- Lack of support by police officers and law enforcement who may treat violence as a “domestic dispute,” instead of a crime where one person is physically attacking another person. (Often, victims of abuse are arrested and charged by law enforcement even if they are only defending themselves against the batterer.)
- Inconsistency of abuse; during non-violent times, the abuser may fulfill the victim’s dream of romantic love. The victim may also rationalize the abuser is basically good until something bad happens and they have to “let off steam.”
Unfair blame is frequently put upon the victim of abuse because of assumptions that victims choose to stay in abusive relationships. The truth is, bringing an end to abuse is not a matter of the victim choosing to leave; it is a matter of the victim being able to safely escape their abuser, the abuser choosing to stop the abuse, or law enforcement and courts punishing and holding the abuser accountable for the crime of abuse they inflict.
Although you can’t control an abuser and what they will do, you can plan how you will respond to future abusive incidents, prepare for the possibility of an incident happening, and plan how to get to safety. When you are in a crisis, it is very difficult to look for assistance, make decisions and take care of yourself and others. It is your decision if and when you tell others that you are being abused and that you are at risk, but please know that friends, family, and coworkers can help with your safety plan if they are aware of the situation and want to help.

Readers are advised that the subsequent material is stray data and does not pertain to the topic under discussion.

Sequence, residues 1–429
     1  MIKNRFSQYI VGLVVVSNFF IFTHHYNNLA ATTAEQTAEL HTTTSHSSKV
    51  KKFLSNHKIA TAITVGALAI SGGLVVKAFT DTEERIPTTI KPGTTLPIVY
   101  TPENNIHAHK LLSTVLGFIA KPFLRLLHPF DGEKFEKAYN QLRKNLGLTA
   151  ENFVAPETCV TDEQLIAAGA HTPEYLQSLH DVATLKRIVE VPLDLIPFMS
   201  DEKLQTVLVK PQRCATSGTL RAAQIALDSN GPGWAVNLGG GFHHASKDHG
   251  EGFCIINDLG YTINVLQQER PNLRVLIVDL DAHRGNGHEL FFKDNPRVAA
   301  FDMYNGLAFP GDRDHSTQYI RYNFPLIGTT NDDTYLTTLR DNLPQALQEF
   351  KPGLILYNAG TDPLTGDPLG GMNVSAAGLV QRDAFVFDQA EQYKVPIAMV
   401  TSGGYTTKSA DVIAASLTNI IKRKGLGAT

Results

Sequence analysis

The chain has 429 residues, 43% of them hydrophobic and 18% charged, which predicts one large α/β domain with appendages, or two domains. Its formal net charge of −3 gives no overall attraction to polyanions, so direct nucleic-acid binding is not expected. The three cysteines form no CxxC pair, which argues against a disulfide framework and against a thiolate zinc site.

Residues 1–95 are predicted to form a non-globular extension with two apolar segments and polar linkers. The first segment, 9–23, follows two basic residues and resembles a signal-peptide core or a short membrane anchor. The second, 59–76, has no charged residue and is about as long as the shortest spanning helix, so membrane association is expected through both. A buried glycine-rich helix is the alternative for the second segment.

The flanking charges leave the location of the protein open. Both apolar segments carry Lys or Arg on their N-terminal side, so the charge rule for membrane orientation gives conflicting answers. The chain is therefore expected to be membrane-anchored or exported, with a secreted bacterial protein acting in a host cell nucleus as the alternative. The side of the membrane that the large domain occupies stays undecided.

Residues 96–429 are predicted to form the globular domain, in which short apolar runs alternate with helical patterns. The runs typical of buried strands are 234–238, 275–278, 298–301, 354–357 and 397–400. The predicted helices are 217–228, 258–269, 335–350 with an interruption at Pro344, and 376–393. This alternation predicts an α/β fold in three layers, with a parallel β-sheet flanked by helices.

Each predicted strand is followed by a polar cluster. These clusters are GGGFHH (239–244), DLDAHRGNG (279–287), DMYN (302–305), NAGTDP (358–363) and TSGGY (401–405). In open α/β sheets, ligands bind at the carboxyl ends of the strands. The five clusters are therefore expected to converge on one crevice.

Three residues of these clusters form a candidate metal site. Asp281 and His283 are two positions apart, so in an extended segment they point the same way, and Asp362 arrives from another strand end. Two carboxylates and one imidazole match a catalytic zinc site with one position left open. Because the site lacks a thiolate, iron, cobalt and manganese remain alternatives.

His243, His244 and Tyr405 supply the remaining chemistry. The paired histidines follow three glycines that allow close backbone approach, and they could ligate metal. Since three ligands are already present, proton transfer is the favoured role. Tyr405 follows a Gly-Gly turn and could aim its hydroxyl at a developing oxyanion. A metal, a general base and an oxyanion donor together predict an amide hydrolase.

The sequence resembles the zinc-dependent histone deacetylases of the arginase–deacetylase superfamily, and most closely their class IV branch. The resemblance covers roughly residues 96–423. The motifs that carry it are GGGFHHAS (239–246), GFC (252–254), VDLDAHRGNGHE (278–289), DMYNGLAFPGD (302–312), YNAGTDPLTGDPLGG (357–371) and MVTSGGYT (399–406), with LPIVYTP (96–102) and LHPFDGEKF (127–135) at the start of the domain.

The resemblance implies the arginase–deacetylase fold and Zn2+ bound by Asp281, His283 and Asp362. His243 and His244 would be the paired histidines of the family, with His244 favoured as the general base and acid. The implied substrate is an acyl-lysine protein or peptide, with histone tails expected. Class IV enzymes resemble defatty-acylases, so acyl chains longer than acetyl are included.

tips for a sAFETY PLAN & resources
- Create a safety plan and make up a “code word” for family or friends so they know when to call for help for you.
- Attend a victim’s/survivor’s support group with the Domestic Violence program
- Make a list with phone numbers of people or organizations you can contact when you need help, such as a church, the police department, a friend, or a counselor.
- Think about what you need the most help with and when talking to someone that can help, give clear and specific information about what you need (e.g. “I need a pro-bono family law attorney for a child custody case, and I am a victim of domestic violence”)
- Become familiar with the Violence Against Women Act, which is a Federal Law that helps women keep their housing in situations of domestic violence. Under this law, you have the right to be protected from eviction and seek a change in your lease. An example is if you share a lease with the abuser, PHAs, landlords, and property owners/managers can evict the abuser WITHOUT affecting your housing.
If you need help, please reach out to someone. Med First cares, so if you need to confide in a medical provider, come see one of our healthcare providers at any location. They can help you find resources and refer you to programs and counseling services.
The below links contain additional resources and information